Isa, I had a very poor choice of words when I said that the Chinese Orthodox Church no longer exists. What I should have said is that its organizational structure had basically been decimated. If I am wrong on that, feel free to correct me.
Decimated, that's true enough. But not abandoned. There has been a lot of low key activity between Russia and China which, as always, has always been tense over the Church.
As to the EP's claims on America, I don't think it had any more of a right to claim jurisdiction over the country. It was also a great misfortune that the Patriarchate established a cathedral in San Francisco, it should have only set up bishops in areas without them (preferably regions of the countries, or at least States, without them). As to your claim about the Alaskan cessation treaty, could you point me to the passage because I've never heard that before (I believe you, I just haven't heard that)?
The bare clause is this:
In the cession of territory and dominion made by the preceding article, are included the right of property in all public lots and squares, vacant lands, and all public buildings, fortifications, barracks, and other edifies which are not private individual property. It is, however, understood and agreed, that the churches which have been built in the ceded territory by the Russian Government, shall remain the property of such members of the Greek Oriental Church resident in the territory as may choose to worship therein. Any Government archives, papers, and documents relative to the territory and dominion aforesaid, which may now be existing there, will be left in the possession of the agent of the United States; but an authenticated copy of such of them as may be required, will be, at all times, given by the United States to the Russian Government, or to such Russian officers or subjects as they may apply for.
The inhabitants of the ceded territory, according to their choice, reserving their natural allegiance, may return to Russia within three years; but if they should prefer to remain in the ceded territory, they, with the exception of uncivilized native tribes, shall be admitted to the enjoyment of all the rights, advantages, and immunities of citizens of the United States, and shall be maintained and protected in the free enjoyment of their liberty, property, and religion. The uncivilized tribes will be subject to such laws and regulations as the United States may from time to time adopt in regard to aboriginal tribes of that country.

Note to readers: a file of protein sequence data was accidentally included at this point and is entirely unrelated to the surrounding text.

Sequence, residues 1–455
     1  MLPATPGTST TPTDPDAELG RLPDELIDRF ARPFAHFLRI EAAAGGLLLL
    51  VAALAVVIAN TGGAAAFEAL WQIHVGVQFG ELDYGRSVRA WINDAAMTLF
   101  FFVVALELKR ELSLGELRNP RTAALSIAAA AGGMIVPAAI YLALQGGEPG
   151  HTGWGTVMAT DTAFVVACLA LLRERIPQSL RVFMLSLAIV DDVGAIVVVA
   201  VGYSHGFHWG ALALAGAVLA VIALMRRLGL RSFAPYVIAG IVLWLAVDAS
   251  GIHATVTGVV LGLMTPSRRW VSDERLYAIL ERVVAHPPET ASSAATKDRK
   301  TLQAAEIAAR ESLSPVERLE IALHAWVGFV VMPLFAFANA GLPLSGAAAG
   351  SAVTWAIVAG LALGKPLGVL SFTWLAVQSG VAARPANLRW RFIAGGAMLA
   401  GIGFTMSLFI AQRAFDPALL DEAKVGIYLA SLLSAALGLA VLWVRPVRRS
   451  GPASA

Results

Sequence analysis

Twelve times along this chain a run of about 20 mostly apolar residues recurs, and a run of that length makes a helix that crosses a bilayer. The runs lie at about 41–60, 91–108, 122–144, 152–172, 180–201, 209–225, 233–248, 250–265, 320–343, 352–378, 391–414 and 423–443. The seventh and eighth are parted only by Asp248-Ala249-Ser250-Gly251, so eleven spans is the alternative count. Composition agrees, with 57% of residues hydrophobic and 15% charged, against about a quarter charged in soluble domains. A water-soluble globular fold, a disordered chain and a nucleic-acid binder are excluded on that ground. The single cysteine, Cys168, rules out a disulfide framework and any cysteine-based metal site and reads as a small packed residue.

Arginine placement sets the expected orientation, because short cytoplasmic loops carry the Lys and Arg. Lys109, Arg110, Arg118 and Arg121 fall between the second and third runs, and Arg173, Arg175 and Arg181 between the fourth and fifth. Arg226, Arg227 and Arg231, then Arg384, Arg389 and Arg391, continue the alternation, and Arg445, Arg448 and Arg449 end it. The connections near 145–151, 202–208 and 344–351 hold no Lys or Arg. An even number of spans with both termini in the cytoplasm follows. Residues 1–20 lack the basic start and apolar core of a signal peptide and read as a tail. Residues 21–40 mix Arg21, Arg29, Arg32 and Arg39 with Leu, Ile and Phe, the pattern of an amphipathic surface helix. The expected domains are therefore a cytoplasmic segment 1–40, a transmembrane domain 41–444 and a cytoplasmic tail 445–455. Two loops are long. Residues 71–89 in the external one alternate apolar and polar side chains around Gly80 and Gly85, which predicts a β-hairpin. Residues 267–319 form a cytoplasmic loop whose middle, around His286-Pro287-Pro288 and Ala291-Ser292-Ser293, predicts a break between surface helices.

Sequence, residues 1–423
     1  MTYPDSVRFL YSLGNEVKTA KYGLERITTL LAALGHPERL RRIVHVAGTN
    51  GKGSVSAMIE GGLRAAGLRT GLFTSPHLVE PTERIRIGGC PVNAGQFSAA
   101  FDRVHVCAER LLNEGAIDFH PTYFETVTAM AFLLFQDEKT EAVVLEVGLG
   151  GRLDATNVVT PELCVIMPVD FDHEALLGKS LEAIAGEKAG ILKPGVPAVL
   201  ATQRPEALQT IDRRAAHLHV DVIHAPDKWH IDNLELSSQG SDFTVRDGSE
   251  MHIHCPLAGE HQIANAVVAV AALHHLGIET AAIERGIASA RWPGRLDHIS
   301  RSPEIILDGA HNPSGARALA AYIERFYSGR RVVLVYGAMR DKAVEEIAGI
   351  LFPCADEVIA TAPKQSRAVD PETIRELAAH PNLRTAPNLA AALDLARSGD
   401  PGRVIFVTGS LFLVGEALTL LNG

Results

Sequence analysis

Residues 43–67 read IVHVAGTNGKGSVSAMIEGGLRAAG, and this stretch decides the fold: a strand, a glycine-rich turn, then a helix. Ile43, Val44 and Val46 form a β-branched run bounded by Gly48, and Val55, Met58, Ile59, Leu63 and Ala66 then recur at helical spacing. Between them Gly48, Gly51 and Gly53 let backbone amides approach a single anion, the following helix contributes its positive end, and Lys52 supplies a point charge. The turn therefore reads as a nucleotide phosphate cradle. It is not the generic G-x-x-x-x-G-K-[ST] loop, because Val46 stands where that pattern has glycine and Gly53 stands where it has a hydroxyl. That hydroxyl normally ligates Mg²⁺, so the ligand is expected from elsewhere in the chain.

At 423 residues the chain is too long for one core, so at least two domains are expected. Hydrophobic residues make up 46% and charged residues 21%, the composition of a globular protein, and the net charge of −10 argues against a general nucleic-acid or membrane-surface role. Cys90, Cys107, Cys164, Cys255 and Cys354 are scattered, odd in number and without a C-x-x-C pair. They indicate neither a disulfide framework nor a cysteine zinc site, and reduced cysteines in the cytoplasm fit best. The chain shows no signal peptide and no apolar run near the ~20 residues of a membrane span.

That doesn't say much on the surface, but you put in the context of American law, and its a big deal. I don't have the time right now to cite the common law on this, the case law, newspaper articles, etc. as I've done here and at http://orthodoxhistory.org/
, but for an overview: as a treaty, according to the supremacy clause, it is supreme law of the land, so although, for instance, the First Amendment does not allow establishment of religion, the citizenship of the natives was determined in part by whether they were Orthodox or not. Not only the Orthodox Churches, but the Lutheran ones (because of the status the Czar and St. Innocent gave them), were taken as automatically incorporated, amongst other oddities, because according to US law the prior law of a territory annexed by the US is treated as American, not foreign, law. The status of the Orthodox diocese of Alaska was like the status of Guantanomo Bay, where the US has the port, but Cuba has sovereignty. The Czar ceded sovereignty to the US government, but the Church maintained its status, but now as an American institution, due to recognition in all the states due to full faith and credit.